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Before I connected to my server via Nautilus (sftp). Now I moved to Amazon EC2, and there's just one way connect to server (ubuntu 10.10 too), using ssh -i mycert.pem, no password, just certificate. How can I connect to the server using Nautilus, just like i did before? In other way I guess I can disable certificate by making some changes in /etc/ssh/ssh_config,but not sure what to do.

UPD: Finally i found solution by using sshfs, more explanation here How to mount Amazon ec2 drive locally - fuse + sshfs?

and googling by keywords sshfs + amazon ec2

UPD2:

ssh-add /path/to/my_cert.pem

and after this connection to sftp via nautilus also working fine

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yeah sshfs is nice too; you'll still have solved exactly the same problems - but the main thing is it works for you :) –  sehe Apr 13 '11 at 12:53
    
it works, but seems little slower then gvfs. in any case, as more solutions, it's better) –  Valentin Kantor Apr 13 '11 at 14:57

1 Answer 1

up vote 6 down vote accepted

I don't quite know what you mean by "I guess I can disable certificate" when you just said "and there's just one way connect [...] just certificate"?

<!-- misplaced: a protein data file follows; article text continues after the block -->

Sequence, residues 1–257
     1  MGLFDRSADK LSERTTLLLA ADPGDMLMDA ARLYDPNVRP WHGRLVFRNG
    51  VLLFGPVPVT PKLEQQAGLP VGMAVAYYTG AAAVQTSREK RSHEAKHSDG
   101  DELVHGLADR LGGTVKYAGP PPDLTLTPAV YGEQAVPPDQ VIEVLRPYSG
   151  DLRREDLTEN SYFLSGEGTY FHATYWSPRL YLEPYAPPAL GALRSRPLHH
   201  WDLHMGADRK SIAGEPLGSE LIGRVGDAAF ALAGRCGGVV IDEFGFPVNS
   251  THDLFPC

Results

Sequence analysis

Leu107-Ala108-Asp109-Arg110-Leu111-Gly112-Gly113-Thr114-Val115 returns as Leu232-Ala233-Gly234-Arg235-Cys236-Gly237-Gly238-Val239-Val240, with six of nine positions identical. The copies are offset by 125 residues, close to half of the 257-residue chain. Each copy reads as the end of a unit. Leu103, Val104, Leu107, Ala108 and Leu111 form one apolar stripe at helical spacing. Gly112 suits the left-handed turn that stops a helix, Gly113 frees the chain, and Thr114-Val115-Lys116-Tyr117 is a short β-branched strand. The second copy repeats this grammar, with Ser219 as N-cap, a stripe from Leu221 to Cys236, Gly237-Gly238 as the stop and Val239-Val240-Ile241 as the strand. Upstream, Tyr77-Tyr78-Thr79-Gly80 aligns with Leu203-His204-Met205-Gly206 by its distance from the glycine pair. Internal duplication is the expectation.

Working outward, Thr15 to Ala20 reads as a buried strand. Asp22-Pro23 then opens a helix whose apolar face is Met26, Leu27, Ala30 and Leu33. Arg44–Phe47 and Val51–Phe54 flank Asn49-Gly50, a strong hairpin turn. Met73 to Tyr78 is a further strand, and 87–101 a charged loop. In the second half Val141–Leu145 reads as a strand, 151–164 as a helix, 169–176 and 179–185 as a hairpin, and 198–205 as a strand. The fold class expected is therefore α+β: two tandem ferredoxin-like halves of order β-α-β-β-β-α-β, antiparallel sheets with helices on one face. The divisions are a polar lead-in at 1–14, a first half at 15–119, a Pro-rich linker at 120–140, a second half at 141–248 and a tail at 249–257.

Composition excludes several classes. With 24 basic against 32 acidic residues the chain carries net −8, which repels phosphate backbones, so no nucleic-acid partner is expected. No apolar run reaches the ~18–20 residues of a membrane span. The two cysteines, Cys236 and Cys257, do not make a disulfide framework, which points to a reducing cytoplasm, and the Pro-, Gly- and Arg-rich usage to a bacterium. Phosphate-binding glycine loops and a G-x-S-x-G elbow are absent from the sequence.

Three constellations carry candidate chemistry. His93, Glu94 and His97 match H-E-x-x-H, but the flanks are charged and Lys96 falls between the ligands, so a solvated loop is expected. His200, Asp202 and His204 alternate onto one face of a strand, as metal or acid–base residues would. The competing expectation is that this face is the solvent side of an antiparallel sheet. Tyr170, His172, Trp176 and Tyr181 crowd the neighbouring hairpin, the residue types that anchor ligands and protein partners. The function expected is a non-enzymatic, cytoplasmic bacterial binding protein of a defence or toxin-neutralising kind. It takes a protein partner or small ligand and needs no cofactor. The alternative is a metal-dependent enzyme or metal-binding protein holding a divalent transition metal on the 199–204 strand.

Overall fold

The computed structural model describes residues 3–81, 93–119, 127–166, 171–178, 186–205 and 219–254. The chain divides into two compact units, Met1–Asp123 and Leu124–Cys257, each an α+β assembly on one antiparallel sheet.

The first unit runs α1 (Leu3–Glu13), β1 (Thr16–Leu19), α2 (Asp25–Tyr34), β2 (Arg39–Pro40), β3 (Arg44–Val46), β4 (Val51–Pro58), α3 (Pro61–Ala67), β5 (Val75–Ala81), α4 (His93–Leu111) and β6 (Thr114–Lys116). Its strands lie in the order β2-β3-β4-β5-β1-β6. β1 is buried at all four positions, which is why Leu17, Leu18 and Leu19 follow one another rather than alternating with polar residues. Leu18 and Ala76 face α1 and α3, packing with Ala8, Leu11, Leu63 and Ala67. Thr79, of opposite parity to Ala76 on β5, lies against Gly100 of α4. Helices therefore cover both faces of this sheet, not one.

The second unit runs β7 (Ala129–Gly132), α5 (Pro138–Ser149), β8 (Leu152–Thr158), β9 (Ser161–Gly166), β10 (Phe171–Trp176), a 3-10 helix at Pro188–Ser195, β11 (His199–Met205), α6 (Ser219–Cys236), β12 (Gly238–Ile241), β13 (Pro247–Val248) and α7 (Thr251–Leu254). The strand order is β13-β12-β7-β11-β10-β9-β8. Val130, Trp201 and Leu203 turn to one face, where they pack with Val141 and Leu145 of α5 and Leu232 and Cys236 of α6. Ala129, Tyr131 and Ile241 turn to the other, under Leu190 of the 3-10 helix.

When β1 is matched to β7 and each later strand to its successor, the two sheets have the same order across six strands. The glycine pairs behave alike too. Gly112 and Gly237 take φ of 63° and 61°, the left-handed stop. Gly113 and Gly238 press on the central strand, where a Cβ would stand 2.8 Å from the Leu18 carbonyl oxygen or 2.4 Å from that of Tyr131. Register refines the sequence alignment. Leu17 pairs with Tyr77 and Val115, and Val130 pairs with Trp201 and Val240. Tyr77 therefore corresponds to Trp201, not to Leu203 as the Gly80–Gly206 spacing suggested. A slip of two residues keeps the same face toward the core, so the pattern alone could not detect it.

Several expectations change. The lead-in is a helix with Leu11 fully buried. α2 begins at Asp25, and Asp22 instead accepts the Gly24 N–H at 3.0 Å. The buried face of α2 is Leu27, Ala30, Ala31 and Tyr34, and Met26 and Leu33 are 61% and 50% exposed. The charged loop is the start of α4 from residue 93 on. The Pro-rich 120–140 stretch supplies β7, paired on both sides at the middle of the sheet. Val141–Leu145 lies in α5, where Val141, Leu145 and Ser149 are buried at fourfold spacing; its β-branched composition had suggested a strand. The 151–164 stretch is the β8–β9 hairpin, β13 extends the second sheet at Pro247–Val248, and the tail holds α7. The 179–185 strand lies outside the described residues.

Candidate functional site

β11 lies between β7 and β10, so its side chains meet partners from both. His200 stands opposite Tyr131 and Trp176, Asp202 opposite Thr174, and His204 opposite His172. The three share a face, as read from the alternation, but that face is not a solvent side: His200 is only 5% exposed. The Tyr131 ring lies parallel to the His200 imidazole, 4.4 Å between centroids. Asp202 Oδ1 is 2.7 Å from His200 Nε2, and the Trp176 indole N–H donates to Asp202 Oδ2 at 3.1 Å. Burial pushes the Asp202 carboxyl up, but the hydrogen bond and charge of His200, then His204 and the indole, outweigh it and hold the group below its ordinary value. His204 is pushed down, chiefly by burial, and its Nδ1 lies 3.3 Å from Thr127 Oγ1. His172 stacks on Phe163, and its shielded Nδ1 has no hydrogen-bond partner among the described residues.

I guess you'd like to have something more like this in .ssh/config. Append a section like the following 5 lines to any existing ~/.ssh/config (i.e. /home/sehe/.ssh/config)

Host myec2host
HostName 151.47.12.88
User ubuntu
IdentityFile ~/.ssh/mycert.pem
Compression yes

Note

  1. Replace myec2host by the alias that you want to access the ec2 instance by
  2. Replace the IP address by the external (optionally elastic) IP address of your instance
  3. Replace ~/.ssh/mycert.pem by the full path to your private key (usually the keypair) you registered the instance with; I copied the name mycert.pem from your own question, so it is probably that file
  4. Any other options (like Compression) are optional. By default, Ubuntu images on ec2 (especially the ones from Canonical) should be logged onto using user ubuntu; root won't work

Of course man ssh_config will do miracles for the details. Also, http://alestic.com/ is an excellent resource on Ubuntu+EC2 (just make sure you don't confuse the Alestic and Canonical images). Lastly there is the google group for ec2ubuntu which has been very helpful to starters.


This way you can just point Nautilus at the server 'my3c2host' and get the reset for free. If the key is protected with a passphrase, you can use a passphrase agent (seahorse, gpg-agent... dunno by heart)

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I didn't understand how to do it. can you give me link with some explanation? –  Valentin Kantor Apr 13 '11 at 11:25
    
Updated answer. –  sehe Apr 13 '11 at 12:08

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